MAX recovery will be slow

At the PNAA conference, Kevin Michaels, a supply-chain specialist and managing director at AeroDynamic Advisory, laid out the reality that even after Boeing is cleared to fly the MAX again, production will take a while to restart and will ramp up very slowly.

Michaels projected that new MAXs won’t begin to roll off the Renton assembly lines again until five to six months after it gets clearance from the Federal Aviation Administration (FAA). He anticipates production starting back up in the third quarter and new deliveries resuming in the fourth quarter.

Once the FAA provides permission to fly, Boeing must begin to clear a backlog of some 400 airplanes that have been parked for months.

The main brake on the restart of production in Renton is the need to bring all suppliers back up in rate together, ensuring that all are in step. In addition, Boeing will have to work with its airline customers, who will miss 2020’s peak summer travel season, to deliver the planes on a schedule that meets their needs and ties in with extensive pilot training.

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Before the second crash last March, Boeing was building MAXs at a rate of 52 jets per month. Michaels projects a ramp-up in small steps that won’t get Boeing back up to that production rate until late 2022.

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That would be a daunting two-year stretch ahead for MAX suppliers with much-reduced income. Survival will require cost-cutting and cash on hand. Yet many of those suppliers have been squeezed continuously by Boeing over several years to reduce their pricing, a process that Michaels said “has sucked a lot of working capital out of the supply chain.”

John Monroe, a former Boeing executive and longtime consultant on aerospace development in the state, said, “The problem is the smaller suppliers don’t have deep pockets,” and some may not make it through.

“When there’s no work, what are their guys going to do?” he said.

China concerns

At PNAA, news of the spread of the Coronavirus added to fears of a downturn in the industry. In 2003, the SARS virus that also originated in China caused a dramatic fall in air travel in the region for three months, and air traffic took another six months to recover.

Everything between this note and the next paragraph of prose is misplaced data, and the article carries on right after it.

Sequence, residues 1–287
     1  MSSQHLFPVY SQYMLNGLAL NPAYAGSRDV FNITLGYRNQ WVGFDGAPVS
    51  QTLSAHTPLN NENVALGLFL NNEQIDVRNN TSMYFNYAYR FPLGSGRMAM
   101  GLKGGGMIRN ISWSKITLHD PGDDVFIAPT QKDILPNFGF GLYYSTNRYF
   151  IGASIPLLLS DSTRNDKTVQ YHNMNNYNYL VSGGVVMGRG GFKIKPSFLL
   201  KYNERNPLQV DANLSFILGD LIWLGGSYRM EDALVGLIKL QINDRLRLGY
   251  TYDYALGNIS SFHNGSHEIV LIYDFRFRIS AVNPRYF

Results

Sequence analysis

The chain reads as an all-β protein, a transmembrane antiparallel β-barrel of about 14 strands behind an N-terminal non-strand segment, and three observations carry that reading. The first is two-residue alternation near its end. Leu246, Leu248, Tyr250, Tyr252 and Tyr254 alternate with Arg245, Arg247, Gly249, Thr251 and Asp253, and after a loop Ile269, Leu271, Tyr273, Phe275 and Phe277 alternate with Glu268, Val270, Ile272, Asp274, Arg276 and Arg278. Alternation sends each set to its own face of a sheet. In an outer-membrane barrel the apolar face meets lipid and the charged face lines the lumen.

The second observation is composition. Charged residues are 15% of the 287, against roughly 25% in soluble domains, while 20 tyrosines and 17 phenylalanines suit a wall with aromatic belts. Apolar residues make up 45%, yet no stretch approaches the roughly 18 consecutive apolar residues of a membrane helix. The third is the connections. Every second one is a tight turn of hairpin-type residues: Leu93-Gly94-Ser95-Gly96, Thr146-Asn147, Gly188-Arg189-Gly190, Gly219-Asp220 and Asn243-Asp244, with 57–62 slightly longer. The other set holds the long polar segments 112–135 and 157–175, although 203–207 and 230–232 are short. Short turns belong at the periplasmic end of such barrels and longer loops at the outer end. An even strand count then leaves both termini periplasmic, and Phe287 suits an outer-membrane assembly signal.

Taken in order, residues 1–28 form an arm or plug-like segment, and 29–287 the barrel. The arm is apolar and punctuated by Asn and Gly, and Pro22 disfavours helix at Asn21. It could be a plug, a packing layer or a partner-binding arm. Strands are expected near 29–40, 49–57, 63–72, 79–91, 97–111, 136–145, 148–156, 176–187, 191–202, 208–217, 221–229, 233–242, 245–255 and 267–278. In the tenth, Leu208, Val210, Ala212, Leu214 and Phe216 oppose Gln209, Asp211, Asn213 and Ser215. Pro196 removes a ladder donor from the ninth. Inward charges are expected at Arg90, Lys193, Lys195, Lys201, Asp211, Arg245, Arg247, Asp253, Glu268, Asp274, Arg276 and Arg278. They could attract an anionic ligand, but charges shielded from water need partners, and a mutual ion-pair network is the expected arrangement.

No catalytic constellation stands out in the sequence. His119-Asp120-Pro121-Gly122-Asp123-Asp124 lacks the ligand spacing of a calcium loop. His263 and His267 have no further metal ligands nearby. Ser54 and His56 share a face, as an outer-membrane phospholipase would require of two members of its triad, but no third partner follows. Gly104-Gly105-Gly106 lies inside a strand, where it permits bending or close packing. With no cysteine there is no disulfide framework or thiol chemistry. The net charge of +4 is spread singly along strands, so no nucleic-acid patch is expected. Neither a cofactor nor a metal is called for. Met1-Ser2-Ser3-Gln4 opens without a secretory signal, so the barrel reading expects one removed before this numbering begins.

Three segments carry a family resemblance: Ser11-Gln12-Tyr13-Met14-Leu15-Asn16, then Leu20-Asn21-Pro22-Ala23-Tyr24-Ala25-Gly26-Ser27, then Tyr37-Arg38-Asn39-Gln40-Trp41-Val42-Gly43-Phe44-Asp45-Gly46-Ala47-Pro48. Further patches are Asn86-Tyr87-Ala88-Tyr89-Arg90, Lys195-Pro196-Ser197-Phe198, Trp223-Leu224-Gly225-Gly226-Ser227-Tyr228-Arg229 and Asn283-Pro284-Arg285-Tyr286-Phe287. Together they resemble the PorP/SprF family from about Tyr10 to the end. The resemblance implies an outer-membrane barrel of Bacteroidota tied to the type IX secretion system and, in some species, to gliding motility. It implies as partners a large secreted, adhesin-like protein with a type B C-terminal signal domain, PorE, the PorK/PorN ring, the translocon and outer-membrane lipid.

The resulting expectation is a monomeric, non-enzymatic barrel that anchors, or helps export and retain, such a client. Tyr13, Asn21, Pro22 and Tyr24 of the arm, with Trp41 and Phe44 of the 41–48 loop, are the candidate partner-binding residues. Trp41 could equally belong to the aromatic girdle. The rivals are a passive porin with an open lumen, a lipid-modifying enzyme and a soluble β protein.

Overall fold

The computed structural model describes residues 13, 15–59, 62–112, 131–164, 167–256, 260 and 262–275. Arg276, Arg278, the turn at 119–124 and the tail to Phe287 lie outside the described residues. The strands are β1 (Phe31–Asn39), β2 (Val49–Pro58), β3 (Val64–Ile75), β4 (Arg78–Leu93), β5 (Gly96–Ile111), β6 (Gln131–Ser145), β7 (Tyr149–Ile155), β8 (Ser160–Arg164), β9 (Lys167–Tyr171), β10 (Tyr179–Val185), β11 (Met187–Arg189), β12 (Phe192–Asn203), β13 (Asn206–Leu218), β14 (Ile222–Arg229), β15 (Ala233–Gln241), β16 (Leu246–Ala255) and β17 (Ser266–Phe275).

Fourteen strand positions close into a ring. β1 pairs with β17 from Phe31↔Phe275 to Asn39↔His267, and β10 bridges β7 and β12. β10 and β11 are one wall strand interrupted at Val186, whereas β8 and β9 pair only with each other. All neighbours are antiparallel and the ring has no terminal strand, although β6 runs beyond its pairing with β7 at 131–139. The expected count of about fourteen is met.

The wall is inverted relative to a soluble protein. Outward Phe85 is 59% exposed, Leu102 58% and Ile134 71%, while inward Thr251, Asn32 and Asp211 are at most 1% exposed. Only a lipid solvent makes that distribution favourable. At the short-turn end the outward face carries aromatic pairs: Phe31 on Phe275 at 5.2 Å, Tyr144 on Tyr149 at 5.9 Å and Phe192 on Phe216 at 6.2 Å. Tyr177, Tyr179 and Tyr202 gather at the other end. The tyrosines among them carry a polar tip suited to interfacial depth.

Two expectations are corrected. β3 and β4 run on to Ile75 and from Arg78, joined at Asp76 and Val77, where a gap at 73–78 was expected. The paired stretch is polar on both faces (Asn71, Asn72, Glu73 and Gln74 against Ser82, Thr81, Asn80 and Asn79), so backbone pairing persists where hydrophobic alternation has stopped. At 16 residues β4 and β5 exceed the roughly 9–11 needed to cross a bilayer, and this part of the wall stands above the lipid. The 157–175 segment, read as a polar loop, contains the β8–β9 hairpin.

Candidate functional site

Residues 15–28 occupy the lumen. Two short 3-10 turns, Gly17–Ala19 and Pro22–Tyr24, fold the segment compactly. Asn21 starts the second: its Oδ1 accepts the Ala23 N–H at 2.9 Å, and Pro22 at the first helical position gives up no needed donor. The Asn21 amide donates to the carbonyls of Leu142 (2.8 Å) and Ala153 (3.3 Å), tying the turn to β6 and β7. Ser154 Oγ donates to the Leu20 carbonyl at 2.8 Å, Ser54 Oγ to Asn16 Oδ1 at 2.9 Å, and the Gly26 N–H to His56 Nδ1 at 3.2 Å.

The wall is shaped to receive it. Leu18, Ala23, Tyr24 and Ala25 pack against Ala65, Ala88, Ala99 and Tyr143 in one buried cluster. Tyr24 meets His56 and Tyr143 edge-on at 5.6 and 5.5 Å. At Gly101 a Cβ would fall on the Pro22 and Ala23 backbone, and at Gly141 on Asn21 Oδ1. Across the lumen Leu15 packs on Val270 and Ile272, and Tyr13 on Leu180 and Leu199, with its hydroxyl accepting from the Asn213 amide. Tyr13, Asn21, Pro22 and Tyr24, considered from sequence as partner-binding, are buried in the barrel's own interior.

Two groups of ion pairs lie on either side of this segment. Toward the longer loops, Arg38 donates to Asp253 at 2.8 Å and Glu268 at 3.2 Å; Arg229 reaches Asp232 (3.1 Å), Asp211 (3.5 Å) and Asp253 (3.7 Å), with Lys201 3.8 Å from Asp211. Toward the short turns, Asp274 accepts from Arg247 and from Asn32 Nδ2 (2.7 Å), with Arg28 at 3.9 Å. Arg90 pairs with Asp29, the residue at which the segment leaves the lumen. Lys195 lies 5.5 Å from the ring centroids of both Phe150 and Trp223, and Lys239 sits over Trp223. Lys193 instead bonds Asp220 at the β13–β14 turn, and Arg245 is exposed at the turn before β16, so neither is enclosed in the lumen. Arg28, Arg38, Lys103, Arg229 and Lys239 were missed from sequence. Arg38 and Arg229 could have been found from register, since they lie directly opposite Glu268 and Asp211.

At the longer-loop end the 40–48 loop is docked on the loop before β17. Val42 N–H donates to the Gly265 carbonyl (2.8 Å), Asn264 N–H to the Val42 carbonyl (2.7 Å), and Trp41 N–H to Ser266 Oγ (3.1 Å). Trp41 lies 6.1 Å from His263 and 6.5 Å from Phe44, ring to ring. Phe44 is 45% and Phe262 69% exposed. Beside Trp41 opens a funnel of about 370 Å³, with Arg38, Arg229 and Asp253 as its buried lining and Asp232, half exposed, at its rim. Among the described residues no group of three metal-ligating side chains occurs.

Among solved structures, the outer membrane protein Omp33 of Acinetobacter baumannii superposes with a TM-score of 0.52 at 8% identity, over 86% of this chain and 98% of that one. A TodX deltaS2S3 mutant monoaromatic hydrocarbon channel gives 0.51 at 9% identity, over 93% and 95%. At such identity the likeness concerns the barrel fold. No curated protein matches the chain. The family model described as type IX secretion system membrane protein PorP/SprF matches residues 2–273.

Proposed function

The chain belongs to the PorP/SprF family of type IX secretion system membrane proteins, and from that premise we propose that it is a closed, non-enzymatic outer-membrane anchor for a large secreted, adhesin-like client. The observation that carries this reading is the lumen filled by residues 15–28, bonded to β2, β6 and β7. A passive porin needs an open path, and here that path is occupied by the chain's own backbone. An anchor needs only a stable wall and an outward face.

The coronavirus appears less deadly than SARS but is spreading faster, with an immediate impact in China. Airbus shut down its A320 assembly plant in Tianjin. And Hong Kong airline Cathay Pacific asked its 27,000 employees to take three weeks of unpaid leave as air travel slumped.

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China is now the largest aviation market in the world. Fully a quarter of the 737s built in Renton go to China.

At PNAA, Boeing vice president of marketing Randy Tinseth projected the Asia Pacific region will provide more than 50% of the world’s economic growth over the next 20 years. He showed one slide with that region highlighted in bright orange on a world map. It might as well have been a map of the coronavirus epicenter.

In a keynote address at the conference, aviation analyst Richard Aboulafia tried to be upbeat, assuring his audience that “a downturn is not inevitable.” But he pointed out that even before the coronavirus, China’s economy has slowed dramatically.

Data points such as the 8% percent drop in car sales in China last year suggest economic growth there has fallen much further than the Chinese government admits. Aboulafia said the slump in air traffic growth and airplane orders in China is in part due to the drop in world trade, but also suggests a more macroeconomic problem with China’s heavily debt-driven, centrally controlled economy.

Ron Epstein, industry analyst with Bank of America, said that outlook should temper the hope for a huge Boeing widebody jet order once a trade deal with China is final that would serve to boost the 787 Dreamliner production rate in Everett.

“It’s probably not the big order you are looking for,” he said.

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Boeing will cut the 787 rate from 14 jets per month now to 10 per month in early 2021. Epstein projects that demand for larger jets won’t recover until later in the decade and that before then the 787 rate will fall further, to 8 jets per month.

Chinese economic and air traffic growth is a longer-term watch item for local aerospace suppliers. The Coronavirus is a near-term worry. But nothing is more important for the industry than returning the 737 MAX to service.

Epstein said Boeing will recover, but painfully slowly. “From a financial perspective, by 2023 you are back to a more normal environment,” he estimated.